War holds back July growth

The central bank updated its June combined index to show a 0.4% rise in economic activity in June, replacing the preliminary 0.7% growth figure.

By DANIEL KENNEMER
August 22, 2006 07:01
2 minute read.
growth biz 88

growth biz 88. (photo credit: )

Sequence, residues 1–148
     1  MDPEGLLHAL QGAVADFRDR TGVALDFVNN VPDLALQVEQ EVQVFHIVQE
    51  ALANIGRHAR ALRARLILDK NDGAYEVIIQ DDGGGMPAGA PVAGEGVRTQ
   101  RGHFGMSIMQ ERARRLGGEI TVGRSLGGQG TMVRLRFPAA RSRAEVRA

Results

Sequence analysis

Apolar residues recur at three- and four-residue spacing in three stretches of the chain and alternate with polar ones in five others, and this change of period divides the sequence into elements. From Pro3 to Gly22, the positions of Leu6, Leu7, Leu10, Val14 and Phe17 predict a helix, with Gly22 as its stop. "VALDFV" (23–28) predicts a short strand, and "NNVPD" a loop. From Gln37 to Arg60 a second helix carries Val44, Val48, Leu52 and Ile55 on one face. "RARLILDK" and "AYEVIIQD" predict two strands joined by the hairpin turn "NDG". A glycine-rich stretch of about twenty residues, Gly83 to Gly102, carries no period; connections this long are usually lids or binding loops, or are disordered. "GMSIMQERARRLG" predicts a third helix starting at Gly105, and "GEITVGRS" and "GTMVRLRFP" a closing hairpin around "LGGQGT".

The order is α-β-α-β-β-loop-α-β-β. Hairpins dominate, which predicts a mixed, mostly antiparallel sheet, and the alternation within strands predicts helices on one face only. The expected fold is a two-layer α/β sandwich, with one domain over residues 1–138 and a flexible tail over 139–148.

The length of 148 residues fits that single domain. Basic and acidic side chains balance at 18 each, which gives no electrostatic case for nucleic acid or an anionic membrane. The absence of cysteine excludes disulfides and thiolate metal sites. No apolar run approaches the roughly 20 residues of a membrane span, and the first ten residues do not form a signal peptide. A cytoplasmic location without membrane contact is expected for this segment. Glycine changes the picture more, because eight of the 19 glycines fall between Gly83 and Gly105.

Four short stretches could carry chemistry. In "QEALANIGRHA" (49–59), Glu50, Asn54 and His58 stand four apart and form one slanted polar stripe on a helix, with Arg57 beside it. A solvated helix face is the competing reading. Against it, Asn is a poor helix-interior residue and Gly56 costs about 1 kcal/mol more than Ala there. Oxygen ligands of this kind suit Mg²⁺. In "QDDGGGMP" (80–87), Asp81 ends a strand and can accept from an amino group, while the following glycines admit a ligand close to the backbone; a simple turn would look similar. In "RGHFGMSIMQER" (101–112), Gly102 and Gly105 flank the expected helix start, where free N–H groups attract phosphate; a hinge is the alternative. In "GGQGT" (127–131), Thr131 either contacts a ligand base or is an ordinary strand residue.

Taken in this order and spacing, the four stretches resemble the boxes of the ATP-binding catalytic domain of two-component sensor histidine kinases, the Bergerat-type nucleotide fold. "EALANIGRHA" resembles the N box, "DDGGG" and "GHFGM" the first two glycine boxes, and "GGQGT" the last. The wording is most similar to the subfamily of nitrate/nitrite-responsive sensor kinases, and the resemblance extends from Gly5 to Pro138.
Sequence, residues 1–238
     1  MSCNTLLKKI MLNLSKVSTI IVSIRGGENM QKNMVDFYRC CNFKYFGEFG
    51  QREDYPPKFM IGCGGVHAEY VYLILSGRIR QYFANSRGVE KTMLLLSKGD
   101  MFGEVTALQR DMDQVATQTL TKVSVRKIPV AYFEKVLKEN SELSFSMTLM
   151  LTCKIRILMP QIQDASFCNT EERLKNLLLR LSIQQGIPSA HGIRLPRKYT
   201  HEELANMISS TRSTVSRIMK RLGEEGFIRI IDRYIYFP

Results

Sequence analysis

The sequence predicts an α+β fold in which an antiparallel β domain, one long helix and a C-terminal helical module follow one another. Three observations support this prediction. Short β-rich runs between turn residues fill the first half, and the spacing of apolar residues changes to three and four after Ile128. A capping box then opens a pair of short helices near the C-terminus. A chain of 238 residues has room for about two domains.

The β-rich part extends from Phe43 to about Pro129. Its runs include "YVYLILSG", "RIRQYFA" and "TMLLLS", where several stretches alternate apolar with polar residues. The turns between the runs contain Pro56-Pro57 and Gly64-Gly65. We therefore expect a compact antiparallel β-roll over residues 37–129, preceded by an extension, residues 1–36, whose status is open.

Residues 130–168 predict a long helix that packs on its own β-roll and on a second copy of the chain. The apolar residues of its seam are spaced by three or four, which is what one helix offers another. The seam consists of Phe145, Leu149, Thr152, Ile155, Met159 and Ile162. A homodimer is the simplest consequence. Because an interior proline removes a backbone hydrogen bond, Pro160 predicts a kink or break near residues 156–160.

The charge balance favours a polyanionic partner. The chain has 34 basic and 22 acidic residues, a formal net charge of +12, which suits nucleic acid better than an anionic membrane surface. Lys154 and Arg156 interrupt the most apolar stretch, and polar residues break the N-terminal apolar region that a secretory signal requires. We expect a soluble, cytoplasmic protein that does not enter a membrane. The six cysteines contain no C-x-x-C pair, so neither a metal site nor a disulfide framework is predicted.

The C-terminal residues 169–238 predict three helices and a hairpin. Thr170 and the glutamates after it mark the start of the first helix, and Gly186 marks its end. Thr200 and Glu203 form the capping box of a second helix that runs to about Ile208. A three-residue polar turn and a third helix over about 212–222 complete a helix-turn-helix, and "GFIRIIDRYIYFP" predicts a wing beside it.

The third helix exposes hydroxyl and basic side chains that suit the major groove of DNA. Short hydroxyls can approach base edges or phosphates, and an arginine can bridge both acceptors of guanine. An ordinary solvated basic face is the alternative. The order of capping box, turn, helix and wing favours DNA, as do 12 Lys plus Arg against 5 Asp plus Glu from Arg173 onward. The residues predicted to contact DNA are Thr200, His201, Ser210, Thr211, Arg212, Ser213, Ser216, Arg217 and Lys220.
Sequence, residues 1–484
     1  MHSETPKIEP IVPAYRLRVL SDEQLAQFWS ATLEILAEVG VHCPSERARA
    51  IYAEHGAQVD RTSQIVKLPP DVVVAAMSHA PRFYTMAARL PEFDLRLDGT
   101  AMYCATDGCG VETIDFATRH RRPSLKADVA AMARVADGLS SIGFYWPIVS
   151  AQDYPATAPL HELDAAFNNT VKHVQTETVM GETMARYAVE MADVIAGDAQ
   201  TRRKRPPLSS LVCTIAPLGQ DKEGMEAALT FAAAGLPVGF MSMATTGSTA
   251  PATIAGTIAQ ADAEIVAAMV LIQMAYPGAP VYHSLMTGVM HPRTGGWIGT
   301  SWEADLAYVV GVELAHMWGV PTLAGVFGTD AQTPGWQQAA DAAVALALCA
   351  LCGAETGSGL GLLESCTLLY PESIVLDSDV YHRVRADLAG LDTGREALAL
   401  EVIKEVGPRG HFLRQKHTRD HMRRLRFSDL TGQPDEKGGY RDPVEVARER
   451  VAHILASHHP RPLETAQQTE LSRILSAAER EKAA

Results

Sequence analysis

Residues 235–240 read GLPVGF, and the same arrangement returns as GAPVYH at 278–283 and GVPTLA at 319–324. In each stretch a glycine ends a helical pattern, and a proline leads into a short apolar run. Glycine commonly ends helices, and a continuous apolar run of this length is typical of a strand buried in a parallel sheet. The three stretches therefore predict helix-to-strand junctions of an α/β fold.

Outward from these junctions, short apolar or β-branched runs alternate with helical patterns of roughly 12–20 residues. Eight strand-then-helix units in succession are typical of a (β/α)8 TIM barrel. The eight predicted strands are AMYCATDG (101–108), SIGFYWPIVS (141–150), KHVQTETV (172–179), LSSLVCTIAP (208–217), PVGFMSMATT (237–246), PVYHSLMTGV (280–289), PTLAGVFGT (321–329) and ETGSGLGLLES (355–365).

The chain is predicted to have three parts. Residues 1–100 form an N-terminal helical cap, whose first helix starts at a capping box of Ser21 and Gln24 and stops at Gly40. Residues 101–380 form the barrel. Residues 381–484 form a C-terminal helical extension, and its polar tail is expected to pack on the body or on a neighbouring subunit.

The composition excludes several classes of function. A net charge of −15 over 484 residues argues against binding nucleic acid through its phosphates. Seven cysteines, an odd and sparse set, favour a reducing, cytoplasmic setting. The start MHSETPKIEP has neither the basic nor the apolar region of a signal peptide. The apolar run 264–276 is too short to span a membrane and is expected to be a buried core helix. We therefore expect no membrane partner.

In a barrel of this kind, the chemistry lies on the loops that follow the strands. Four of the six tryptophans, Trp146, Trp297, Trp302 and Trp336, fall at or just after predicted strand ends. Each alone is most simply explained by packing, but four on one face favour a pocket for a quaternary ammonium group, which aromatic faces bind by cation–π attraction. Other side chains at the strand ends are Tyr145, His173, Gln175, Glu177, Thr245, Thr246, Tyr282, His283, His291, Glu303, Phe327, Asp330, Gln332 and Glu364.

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Economic data released Monday provided the first official sign of the economic impact of the war in the North. The combined index of the state of the economy rose 0.2 percent in July, reflecting a slower pace of expansion of economic activity in the country, the Bank of Israel said Monday. Rises in industrial production and imports of goods were "significantly offset" by a "sharp drop" in exports "due to the fighting in the North," as well as a drop in commerce and services revenues, the central bank said. While exports of goods dropped fully 11.9% in July, services exports rose 1.4% and the imports component of the index rose 1.9%, following a 0.4% rise and a 2.6% drop, respectively. Indices of both industrial production and commerce and services revenues incorporated into the overall index related to June activity, which occurred before the outbreak of fighting on the northern border. Industrial production rose 2% in that period, but commerce and services revenues fell by the same amount. The central bank also updated its June combined index, also known as the "s"-index, to show a 0.4% rise in economic activity in June, replacing the preliminary 0.7% growth figure. Prof. Rafi Melnick of the Interdisciplinary Center Herzliya also calculated a 0.2% rise in economic activity in July, but estimated that "the bulk of the war's influence on the economy" will be visible in the August index since the war began in the second half of the July and continued into August. Industrial production continued its "quick expansion" into June, he added. Separately, the Central Bureau of Statistics said industrial production grew a full 6.9% in the first half of the year in comparison with the same period last year. The number of wage-earners employed in manufacturing grew 2.9%, boosting the number of hours actually worked by 3.3%. Trend data indicated a 11.7% annualized rise in industrial production during the second quarter, following a 10.4% annual rise in the first quarter, both are significantly greater than the 3.7% growth rate industrial production saw in the whole of 2005. The bureau also released data showing that commerce and services revenues rose 9.9% in the first half of the year, in comparison with the first half of 2005, with trend data indicating a 5.9% annualized rate in the second quarter and 9.7% annualized growth in the first quarter. Wholesale revenues grew an annualized 6.6% in the second quarter, following an 8.3% rise in the first, while retail revenues grew 3.3% in the second quarter and 7.2% in the first, according to annualized trend data. Chain stores, however, saw a seasonally-adjusted 3.7% drop in total sales in July following a 1.5% drop in June. Food sales in chain stores, on the other hand, rose 1.3% in July after dropping 1.4% in June.

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